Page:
Your DNS queries are either being hijacked or improperly formed
The output of your
nslookup www.google.com command is:
- The answer to your query is
www.google.com.socal.rr.com instead of the expected
- The DNS server you're querying is in the same domain as the record of the incorrect answer:
Theory 1: DNS Hijacking
Your NSLOOKUP of www.google.com should return a Google IP address and the name
www.google.com. Instead you're getting a completely different name record and an IP address (184.108.40.206) registered to a company named Search Guide Inc. (Source 1 Source 2).
If your ISP is Time Warner Cable (or a subsidiary) then this is a slam dunk explanation, because according to this Super User answer, DNS queries that resolve to the IP address 220.127.116.11 are the result of your ISP hijacking your DNS results as part of as "service" to give you search results when you type in an invalid Internet address. If this is the case, you can disable this feature on Time Warner's website here.
Even if your ISP isn't Time Warner, there's still a link between both the DNS server handling your request and the invalid
www.google.com.socal.rr.com DNS answer you get. The domain name
rr.com is registered to Time Warner Cable as shown in this GoDaddy WHOIS lookup:
Domain Name: rr.com
Admin Name: Domain Name Administrator
Admin Organization: Time Warner Cable Inc.
Admin Street: 60 Columbus Circle,
Admin City: New York
Admin State/Province: NY
Admin Postal Code: 10023
Admin Country: US
Name Server: dns2.rr.com
Name Server: dns6.rr.com
Name Server: dns3.rr.com
Name Server: dns5.rr.com
Name Server: dns1.rr.com
So, if Theory #1 is correct, you need to disable this preference per above, or use different DNS servers altogether.
Theory #2: Improperly Formed DNS Query
As explained in Theory #1, the DNS server handling your NSLOOKUP of
www.google.com is known to return a "valid" DNS record even when a user requests a non-existent Internet hostname. You can determine if this error redirection is taking place by performing a lookup of an intentionally invalid name:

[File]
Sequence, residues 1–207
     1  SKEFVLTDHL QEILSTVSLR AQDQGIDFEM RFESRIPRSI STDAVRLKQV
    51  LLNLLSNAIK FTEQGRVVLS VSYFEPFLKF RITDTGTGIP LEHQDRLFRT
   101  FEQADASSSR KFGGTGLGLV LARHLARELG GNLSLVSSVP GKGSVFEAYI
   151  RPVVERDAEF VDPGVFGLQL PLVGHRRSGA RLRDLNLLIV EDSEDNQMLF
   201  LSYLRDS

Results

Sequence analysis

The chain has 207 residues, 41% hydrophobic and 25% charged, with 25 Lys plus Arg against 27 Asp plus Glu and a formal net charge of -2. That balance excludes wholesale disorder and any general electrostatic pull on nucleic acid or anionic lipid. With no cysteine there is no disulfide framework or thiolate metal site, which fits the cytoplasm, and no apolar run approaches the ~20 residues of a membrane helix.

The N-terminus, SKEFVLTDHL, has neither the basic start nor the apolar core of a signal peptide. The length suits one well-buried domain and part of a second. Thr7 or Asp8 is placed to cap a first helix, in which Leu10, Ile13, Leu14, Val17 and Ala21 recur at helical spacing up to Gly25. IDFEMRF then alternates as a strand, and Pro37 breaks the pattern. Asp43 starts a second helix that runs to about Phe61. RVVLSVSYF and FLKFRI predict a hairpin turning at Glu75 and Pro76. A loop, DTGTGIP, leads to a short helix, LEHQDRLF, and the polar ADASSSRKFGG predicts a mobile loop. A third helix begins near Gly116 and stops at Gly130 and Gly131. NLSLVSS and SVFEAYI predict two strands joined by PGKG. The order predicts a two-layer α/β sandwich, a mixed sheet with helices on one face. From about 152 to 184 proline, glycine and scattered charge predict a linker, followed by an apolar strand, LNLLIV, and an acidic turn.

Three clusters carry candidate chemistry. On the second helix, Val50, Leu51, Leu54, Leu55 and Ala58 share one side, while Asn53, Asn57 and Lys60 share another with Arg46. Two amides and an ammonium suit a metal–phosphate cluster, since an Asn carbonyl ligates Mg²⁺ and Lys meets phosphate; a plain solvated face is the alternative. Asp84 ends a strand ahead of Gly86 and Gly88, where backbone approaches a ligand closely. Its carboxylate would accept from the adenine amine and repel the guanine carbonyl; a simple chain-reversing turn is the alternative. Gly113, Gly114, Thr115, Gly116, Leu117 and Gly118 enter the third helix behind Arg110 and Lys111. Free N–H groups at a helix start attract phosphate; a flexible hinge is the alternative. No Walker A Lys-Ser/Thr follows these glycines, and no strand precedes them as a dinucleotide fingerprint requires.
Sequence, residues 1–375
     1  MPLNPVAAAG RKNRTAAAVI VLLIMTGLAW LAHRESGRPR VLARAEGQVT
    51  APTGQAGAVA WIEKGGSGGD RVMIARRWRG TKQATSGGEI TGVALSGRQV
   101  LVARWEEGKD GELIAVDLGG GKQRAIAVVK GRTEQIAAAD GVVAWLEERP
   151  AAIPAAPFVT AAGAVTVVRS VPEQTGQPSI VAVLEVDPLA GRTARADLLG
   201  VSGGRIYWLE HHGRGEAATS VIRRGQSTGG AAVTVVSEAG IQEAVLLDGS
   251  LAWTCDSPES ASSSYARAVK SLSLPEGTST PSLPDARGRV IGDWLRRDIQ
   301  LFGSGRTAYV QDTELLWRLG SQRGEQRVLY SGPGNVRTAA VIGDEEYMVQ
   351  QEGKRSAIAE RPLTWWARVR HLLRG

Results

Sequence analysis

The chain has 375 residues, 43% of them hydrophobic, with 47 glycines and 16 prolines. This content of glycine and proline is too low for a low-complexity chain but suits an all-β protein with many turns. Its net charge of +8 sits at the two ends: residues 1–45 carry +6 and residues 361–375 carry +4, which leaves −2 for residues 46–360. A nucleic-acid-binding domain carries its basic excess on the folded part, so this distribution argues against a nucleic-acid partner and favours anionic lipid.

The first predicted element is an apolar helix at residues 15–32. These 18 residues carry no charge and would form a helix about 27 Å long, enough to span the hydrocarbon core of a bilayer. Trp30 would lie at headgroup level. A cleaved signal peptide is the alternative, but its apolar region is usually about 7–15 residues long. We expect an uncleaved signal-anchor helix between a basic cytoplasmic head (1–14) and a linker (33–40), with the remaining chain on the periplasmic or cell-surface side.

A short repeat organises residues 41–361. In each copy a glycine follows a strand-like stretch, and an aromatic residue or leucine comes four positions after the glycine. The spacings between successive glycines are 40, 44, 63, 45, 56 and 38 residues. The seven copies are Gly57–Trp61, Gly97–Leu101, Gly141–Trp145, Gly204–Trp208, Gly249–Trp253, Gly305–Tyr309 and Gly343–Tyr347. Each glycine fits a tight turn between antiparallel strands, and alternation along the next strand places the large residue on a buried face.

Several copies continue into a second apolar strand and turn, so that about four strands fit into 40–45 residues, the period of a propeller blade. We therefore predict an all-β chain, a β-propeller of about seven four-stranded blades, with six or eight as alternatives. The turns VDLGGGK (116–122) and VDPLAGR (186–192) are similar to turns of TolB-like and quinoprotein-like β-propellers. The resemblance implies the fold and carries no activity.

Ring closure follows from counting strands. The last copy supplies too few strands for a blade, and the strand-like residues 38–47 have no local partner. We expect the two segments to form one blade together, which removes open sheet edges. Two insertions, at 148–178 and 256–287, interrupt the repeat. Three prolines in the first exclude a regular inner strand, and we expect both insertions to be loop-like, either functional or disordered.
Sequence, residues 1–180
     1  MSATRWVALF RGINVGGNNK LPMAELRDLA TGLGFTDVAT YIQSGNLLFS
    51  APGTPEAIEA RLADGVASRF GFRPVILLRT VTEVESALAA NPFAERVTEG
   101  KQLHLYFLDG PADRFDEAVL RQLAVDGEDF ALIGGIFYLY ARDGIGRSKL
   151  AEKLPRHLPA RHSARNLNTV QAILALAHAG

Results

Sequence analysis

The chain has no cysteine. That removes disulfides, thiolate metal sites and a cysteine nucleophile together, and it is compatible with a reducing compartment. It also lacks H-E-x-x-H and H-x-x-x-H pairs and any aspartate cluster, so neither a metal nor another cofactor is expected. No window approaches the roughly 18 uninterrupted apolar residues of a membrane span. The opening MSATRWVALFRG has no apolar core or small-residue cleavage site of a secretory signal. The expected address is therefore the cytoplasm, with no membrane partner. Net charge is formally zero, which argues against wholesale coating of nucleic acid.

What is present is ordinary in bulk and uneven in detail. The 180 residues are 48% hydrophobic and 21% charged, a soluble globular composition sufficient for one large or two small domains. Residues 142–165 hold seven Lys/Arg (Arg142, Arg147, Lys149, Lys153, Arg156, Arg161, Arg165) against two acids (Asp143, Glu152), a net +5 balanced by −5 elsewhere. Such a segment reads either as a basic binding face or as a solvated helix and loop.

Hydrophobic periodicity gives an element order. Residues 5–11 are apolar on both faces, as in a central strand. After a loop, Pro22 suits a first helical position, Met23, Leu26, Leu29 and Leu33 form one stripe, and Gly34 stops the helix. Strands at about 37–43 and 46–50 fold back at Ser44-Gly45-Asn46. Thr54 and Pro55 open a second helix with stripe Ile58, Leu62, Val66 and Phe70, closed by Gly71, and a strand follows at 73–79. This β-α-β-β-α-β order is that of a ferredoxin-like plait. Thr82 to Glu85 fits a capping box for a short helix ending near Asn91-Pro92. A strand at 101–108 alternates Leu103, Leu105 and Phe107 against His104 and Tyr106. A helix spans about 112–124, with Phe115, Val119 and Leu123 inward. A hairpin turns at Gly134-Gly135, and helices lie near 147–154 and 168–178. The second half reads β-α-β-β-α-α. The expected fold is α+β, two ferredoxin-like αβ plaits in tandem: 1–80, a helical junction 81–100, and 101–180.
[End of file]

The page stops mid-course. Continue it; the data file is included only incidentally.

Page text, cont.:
You should get this response:
Server: <your DNS server name>
Address: <your DNS server IP>
*** <your DNS server name> can't find no-such-site.example.com: Non-existent domain
However, if you get a response similar to the one in your question, it's obvious invalid requests are being intercepted and redirected to an error-lookup/advertising webpage.
That established, Theory #2 proposes that when you're doing a search for
www.google.com your system is appending another suffix to the DNS request which is causing your the lookup request to be invalid, triggering the error-redirect service of your DNS server.
You can determine if this is the case by running the following command and examining its output:
nslookup -d2 www.google.com
-d2 parameter causes NSLOOOKUP to print the exact questions and answers submitted to resolve the lookup request.
In the output, in each SendRequest() section examine the QUESTIONS: being submitted. The first several will be to resolve the name of your DNS server. Following those will be the lookups to resolve www.google.com. Basically what you're looking for are any lookup requests other than for
www.google.com, such as for
www.google.com.socal.rr.com. If you find any, then your machine is actually making an invalid DNS lookup. This is different than Theory #1's proposal that your machine is making a valid lookup request that's being incorrectly modified.
If your machine is making bad lookup requests, you need to examine the domain name suffix(es) specified in your TCP/IP configuration and remove any that don't belong.
Here is some debugging output on the network that has the issue while it's occurring:
nslookup www.google.com DNS request timed out.
timeout was 2 seconds. Server: UnKnown Address: 18.104.22.168
In this case, your computer simply cannot reach your DNS server, indicating network connectivity issues. This does not explain why you get invalid answers to your DNS lookups and probably has an unrelated cause. In any case, if other machines on the network are working fine when this happens to your computer, this strongly suggests the problem is with this DNS server rather than your network.
Again, using different DNS servers should solve the problem in this case.